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5.1 Hooking Into the Bootstrap Process

In this lesson we can see how to hook into the Sails bootstrap process in order to migrate the event data store from sails-disk to MongoDB.

5.1 Hooking Into the Bootstrap Process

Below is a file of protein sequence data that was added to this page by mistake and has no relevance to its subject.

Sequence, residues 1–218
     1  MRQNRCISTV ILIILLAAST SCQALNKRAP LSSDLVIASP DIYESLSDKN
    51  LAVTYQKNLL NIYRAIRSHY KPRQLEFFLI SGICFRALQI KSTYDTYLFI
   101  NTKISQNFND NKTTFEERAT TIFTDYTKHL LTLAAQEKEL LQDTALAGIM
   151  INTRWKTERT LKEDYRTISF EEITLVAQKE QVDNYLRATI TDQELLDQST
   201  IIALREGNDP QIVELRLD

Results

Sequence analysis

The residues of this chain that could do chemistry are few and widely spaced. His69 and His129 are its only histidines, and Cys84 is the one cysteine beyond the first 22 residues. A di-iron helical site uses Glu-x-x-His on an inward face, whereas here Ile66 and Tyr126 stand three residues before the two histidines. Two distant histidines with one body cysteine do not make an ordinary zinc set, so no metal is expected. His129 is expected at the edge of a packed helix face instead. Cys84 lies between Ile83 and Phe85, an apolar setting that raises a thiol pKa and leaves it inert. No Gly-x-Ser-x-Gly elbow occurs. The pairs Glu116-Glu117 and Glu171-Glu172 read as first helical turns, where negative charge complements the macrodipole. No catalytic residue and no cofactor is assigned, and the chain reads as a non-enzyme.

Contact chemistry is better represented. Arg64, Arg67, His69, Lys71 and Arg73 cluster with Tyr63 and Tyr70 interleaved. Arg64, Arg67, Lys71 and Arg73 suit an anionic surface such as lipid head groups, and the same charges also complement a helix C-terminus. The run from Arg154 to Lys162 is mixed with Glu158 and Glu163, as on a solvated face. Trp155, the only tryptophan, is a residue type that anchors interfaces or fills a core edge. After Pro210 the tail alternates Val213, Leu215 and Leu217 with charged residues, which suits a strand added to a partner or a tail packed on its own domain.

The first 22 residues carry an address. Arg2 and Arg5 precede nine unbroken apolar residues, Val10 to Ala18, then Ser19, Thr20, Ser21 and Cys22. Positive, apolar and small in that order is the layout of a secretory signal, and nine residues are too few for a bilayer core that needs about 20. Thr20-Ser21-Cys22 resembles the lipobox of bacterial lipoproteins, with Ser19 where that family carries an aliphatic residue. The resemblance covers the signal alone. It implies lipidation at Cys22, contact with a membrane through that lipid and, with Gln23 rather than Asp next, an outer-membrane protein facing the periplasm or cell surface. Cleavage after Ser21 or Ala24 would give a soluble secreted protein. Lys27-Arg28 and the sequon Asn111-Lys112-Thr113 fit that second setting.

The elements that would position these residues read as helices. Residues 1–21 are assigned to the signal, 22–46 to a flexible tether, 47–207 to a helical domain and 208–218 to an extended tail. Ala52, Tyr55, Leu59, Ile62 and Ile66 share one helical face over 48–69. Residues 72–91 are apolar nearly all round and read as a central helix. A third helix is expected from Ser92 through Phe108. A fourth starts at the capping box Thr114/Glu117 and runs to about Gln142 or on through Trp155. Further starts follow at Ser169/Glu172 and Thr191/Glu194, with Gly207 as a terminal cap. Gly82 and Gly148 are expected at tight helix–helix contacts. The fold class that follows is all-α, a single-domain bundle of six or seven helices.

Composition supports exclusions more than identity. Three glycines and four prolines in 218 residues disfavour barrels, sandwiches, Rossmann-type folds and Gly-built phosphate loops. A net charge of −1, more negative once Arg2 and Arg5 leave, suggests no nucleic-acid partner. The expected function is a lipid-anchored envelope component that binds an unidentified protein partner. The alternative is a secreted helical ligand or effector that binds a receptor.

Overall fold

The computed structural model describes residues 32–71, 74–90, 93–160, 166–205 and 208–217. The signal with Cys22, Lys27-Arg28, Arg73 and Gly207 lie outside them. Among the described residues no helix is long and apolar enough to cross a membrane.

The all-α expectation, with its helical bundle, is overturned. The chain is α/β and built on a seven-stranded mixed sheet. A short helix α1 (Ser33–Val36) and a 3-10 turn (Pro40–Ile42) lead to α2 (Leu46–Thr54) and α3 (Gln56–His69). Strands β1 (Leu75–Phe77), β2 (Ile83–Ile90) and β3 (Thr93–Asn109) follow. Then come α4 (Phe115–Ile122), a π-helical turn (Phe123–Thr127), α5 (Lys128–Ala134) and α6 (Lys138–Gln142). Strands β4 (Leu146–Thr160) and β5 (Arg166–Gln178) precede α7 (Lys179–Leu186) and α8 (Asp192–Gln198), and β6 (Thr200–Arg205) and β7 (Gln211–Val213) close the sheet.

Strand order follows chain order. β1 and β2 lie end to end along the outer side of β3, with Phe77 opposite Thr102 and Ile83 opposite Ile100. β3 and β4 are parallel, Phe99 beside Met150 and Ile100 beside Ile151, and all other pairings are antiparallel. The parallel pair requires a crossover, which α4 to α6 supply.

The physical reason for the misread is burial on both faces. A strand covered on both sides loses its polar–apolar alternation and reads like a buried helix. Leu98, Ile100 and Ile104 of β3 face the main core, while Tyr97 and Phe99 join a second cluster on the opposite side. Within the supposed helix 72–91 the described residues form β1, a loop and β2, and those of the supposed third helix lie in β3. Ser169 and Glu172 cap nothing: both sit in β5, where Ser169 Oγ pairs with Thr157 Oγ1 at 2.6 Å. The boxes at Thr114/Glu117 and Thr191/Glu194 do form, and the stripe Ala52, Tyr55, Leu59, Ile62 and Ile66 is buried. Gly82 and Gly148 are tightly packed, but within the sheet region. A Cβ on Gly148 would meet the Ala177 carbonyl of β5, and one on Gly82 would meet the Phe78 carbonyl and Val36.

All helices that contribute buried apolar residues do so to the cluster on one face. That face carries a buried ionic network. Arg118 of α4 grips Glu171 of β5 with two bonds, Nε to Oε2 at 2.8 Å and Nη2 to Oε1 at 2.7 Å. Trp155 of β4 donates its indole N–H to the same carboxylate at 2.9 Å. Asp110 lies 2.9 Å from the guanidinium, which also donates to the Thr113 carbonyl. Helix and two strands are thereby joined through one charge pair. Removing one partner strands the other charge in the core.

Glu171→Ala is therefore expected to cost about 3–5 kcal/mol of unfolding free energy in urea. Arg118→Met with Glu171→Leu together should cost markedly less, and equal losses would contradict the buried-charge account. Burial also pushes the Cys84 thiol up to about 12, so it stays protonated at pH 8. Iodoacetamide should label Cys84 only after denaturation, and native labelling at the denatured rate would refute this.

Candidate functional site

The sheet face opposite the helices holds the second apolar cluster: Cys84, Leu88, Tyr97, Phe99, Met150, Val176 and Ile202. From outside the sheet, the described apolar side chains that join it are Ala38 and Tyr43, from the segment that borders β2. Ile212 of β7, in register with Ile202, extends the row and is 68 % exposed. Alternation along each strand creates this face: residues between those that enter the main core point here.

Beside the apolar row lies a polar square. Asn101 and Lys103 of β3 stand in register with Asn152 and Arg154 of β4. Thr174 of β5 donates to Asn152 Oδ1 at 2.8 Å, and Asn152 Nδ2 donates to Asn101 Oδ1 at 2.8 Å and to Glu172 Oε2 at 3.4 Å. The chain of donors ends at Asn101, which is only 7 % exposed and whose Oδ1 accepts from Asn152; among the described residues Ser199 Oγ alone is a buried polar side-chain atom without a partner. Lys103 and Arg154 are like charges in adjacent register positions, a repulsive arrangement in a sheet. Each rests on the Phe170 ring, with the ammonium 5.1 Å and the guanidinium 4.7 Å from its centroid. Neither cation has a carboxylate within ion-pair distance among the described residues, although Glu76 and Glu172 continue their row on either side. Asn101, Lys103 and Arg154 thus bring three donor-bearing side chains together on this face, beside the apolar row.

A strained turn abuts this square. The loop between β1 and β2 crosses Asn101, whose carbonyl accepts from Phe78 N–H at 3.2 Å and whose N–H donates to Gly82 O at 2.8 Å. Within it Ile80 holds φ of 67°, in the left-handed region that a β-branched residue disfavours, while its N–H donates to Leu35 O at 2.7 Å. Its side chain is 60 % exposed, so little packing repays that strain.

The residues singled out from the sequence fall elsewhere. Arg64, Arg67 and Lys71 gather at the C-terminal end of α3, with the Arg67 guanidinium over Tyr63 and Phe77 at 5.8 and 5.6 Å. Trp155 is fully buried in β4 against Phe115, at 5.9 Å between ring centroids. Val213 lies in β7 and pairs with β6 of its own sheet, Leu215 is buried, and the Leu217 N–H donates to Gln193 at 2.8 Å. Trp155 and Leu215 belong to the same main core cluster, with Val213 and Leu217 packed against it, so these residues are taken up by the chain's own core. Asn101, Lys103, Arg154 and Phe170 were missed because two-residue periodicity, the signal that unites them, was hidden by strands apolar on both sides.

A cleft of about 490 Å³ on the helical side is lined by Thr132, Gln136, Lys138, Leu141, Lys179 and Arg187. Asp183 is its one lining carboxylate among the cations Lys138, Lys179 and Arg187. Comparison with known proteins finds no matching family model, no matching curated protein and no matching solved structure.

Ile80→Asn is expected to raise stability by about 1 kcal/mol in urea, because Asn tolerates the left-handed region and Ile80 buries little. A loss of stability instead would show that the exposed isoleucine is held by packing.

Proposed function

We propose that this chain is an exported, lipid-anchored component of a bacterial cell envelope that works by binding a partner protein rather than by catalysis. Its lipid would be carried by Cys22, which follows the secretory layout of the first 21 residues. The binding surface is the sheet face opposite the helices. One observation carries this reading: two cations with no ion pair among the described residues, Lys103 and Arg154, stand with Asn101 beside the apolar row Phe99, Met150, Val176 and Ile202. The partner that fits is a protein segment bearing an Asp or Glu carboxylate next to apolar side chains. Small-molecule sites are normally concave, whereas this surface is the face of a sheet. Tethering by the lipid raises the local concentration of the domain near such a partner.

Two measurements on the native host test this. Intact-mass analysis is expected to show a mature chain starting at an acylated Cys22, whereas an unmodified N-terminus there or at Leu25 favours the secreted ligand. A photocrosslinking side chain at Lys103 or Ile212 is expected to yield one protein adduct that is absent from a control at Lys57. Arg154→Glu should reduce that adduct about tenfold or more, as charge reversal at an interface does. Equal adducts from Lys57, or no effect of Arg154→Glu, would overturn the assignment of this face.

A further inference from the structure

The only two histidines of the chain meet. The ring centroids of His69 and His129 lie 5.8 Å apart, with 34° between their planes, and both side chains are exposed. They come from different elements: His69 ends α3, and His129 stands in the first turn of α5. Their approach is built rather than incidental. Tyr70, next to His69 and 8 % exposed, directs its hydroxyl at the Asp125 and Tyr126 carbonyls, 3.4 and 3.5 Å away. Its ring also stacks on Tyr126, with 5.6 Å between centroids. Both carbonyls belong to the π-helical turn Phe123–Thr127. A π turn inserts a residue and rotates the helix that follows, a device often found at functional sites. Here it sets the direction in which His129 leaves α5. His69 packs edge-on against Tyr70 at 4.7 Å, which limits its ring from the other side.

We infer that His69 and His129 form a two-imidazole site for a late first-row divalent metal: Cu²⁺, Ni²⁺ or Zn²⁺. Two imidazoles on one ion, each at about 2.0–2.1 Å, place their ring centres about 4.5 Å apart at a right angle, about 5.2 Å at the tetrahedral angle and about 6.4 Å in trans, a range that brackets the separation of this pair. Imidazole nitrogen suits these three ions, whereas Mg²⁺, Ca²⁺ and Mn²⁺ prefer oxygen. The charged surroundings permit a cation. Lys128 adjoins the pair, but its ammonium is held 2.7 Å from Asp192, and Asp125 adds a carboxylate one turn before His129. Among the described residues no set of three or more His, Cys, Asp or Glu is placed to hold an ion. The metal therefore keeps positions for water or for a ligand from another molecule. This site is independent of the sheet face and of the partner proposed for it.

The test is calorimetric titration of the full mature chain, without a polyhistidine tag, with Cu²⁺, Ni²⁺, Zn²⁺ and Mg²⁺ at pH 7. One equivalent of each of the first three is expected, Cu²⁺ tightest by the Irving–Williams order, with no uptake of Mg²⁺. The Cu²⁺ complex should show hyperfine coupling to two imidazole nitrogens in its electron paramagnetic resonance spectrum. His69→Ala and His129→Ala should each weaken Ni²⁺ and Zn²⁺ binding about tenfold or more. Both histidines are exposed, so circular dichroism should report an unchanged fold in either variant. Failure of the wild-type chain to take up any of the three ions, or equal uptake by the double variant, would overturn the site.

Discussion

Hi folks. In this lesson we're gonna see how we can hook into the Sails bootstrap process. At the moment all of our event data is still stored in the SailsDisk DB. We've got MongoDB for our user model, so really we want to move all of our event data to Mongo as well. There isn't any official tool or method to use to transfer all of our event data from SailsDisk to Mongo, but we can Sails Bootstrap process to make Sails do this for us automatically by using the bootstrap to perform a one time copy of the data. So the first thing we need to do is create a new connection for MongoDB in config/connections. And we'll call this one eventMongoDBserver... And we'll up date the database to use the events database instead. So we do have an event model already which sales created for us when we created the event API back near the start of the course. So let's temporarily create a new file in the model's folder and we'll call it eventnew.js. Let's just save this one as Event new. So we need to tell our new model to use the new event Mongo DB server connection and we also want to restrict data not specified by attributes to be ignored. >> We can also specify the Mongo DB connection using the table name configuration property. If we don't do that, then by default Sails will store all of our events in a MongoDB collection called Event New. So now let's add the attributes for the event model. So we have the simple attributes browser OS and type, and we just make that sure these are all strings, and we specify that they're all actually required. So now we can make use of the bootstrap to copy the data from the original event model, which is saved in SailsDisk, to the event new model which is going to store all it's data in Mongo. The bootstrap is a configuration file in the config directory. And let's open it up to take a quick look. So we can see that there's a very small amount of code in here already. There's a module called bootstrap, and that will get past a callback function, and at the end of the bootstrap method, the callback gets invoked. And there's a comment here to say that it's very important that this callback gets triggered. Because otherwise, Sails will never lift. Because it will still wait for the bootstrap. So we just need to make sure that we don't delete that, and any code that we want to add should be added above that. So let's read the shortcut Read route to read through the existing data from SailsDisk. Then let's use the shortcut Create route of our new event model to insert the data in Mongo. So we're gonna use the find method of the existing event model. So that's the SailsDisk one. And now we can use the create method of the event new model. So when we invoke the find method, the callback function that we passed through exec will have all of the events' pastware. So we actually want to pass this to the create method of the event new model so that the events will be created. In the call back for the exec method on the create method, that will actually pass back confirmation of the records that have been created, so let's just log that to the console. So, even though we're using different databases here, SailsDisk and Mongo, we don't need to worry about whether we're using the correct syntax for each type of database. We just use the waterline methods, find and create, and waterline will take care of it for us. So now, let's try lifting our app at this point, And what we're seeing here is confirmation that all of our events were copied into Mongo. So I mentioned that this was a one time only operation. So before we forget, let's go back to bootstrap and just comment out all of this code. Fantastic. We just need to make sure we leave the callback to be executed. And we can then delete the Event or JS file from the Models folder. So this is the old, empty one that we created near the start of the course. Let's get rid of that entirely. And let's rename the EventNew to just be Event. And as we aren't using SailsDisk at all anymore, we can switch it off by commenting out the local disk DB section in config/connections And we can even remove the localdiskdb.db file from the .temp directory. So now that we have our production data safely stored in Mongo, we can update the migrate option in config/models from alter to safe. So in this lesson, we saw how to hook into the Sails bootstrap process by adding code inside the method exposed by config/bootstrap. We used this feature to migrate the event data that we stored earlier in the course from the default local disk DB to Mongo. Thanks for watching.

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